• "As MN may merge back with the main nucleus, this will result in the rearranged chromosomes becoming a part of the genome as described by Janssen et al. [2011]. cell death called chromosome fragmentation [Stevens et al. 2011; Stevens et al. 2007]. Notably, unbalanced partial chromosomal losses and gains have also been observed in fragmented aneuploid embryos and not euploid embryos, to suggest a relationship between sub-chromosomal instability and aneuploidy in the human embryo [Chavez et al. 2012; Vanneste et al. 2009]. "
    [Show abstract] [Hide abstract]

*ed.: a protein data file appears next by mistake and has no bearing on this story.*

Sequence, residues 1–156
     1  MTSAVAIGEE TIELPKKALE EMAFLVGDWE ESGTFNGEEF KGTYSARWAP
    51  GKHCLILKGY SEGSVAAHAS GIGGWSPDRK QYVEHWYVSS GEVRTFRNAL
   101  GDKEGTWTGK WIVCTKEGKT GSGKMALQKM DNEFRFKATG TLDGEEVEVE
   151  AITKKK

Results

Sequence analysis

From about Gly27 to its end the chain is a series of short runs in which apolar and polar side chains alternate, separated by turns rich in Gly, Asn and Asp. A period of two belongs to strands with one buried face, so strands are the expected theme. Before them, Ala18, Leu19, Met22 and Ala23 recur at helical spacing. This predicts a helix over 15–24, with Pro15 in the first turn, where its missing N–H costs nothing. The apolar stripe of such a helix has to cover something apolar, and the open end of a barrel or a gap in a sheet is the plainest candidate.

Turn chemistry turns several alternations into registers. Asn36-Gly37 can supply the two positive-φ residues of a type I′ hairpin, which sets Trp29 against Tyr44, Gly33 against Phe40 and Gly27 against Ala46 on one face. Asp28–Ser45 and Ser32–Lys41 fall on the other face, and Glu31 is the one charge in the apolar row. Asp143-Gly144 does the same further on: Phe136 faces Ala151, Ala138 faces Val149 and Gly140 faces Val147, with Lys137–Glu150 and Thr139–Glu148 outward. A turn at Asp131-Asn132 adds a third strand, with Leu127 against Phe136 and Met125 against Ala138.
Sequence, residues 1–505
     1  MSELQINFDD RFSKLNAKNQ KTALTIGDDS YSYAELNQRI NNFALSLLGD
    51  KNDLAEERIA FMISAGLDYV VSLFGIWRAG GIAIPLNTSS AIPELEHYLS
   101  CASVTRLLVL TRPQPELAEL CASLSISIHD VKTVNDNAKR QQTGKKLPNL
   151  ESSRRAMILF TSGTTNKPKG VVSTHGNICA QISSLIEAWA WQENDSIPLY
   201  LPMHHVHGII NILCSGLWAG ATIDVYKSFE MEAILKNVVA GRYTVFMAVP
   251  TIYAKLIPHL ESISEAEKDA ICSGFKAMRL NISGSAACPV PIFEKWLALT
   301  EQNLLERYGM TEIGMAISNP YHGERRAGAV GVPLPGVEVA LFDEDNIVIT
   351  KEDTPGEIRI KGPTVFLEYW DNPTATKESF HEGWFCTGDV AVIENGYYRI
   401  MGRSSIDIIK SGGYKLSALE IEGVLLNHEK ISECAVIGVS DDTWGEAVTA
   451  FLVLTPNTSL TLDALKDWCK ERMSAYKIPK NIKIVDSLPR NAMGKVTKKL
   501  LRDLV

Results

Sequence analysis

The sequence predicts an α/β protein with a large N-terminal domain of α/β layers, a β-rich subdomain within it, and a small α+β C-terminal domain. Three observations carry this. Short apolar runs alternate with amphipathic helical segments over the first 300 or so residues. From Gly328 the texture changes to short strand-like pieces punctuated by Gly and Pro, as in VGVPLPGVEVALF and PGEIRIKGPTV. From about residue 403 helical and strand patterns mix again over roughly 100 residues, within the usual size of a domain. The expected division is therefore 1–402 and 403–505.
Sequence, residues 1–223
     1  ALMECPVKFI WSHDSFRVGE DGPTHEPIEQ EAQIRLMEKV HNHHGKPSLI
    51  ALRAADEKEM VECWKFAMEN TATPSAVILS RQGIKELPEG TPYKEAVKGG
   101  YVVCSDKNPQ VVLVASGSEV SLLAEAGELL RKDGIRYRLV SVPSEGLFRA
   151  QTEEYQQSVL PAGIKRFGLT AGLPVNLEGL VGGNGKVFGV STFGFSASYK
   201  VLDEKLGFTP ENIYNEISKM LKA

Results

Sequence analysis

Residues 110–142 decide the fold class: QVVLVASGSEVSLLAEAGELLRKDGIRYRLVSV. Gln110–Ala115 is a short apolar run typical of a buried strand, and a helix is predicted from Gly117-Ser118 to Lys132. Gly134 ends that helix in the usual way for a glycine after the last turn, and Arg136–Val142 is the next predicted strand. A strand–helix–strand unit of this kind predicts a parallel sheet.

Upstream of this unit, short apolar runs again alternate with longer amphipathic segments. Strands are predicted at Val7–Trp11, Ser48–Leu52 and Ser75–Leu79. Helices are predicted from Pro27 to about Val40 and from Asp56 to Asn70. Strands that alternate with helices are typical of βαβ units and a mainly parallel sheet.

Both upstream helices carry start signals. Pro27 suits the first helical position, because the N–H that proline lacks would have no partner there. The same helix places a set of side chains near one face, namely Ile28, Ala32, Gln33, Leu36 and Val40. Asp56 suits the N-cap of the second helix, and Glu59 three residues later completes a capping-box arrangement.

ABSTRACT: Pre-implantation embryo development in mammals begins at fertilization with the migration and fusion of the maternal and paternal pro-nuclei, followed by the degradation of inherited factors involved in germ cell specification and the activation of embryonic genes required for subsequent cell divisions, compaction, and blastulation. The majority of studies on early embryogenesis have been conducted in the mouse or non-mammalian species, often requiring extrapolation of the findings to human development. Given both conserved similarities and species-specific differences, however, even comparison between closely related mammalian species may be challenging as certain aspects, including susceptibility to chromosomal aberrations, varies considerably across mammals. Moreover, most human embryo studies are limited to patient samples obtained from in vitro fertilization (IVF) clinics and donated for research, which are generally of poorer quality and produced with germ cells that may be sub-optimal. Recent technical advances in genetic, epigenetic, chromosomal, and time-lapse imaging analyses of high quality whole human embryos have greatly improved our understanding of early human embryogenesis, particularly at the single embryo and cell level. This review summarizes the major characteristics of mammalian pre-implantation development from a chromosomal perspective, in addition to discussing the technological achievements that have recently been developed to obtain this data. We also discuss potential translation to clinical applications in reproductive medicine and conclude by examining the broader implications of these findings for the evolution of mammalian species and cancer pathology in somatic cells.